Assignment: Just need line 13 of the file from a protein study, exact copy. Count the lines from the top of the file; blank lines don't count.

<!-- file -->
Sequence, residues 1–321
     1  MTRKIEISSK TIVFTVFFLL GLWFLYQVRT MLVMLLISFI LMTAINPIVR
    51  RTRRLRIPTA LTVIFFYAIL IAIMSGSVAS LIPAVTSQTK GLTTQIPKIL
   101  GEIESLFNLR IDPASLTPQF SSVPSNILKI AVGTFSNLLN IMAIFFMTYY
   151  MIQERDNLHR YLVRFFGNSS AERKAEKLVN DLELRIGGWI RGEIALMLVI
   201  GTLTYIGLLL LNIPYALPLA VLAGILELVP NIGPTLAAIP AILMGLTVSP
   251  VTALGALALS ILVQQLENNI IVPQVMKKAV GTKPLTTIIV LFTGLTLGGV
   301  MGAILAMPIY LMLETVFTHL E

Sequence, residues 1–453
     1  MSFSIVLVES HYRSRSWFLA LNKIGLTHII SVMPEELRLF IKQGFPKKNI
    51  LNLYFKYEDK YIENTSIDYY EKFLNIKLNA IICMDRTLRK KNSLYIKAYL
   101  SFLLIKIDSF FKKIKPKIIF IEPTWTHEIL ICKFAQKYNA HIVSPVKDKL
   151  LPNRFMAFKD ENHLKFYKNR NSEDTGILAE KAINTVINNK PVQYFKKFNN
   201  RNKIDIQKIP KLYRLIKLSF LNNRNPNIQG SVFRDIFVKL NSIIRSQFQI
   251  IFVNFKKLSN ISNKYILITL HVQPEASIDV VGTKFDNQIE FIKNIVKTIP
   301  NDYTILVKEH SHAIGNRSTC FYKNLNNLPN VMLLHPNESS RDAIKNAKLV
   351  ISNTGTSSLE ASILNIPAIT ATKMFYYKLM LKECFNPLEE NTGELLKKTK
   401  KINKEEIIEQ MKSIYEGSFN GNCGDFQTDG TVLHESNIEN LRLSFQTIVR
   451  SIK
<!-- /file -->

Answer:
   151  LPNRFMAFKD ENHLKFYKNR NSEDTGILAE KAINTVINNK PVQYFKKFNN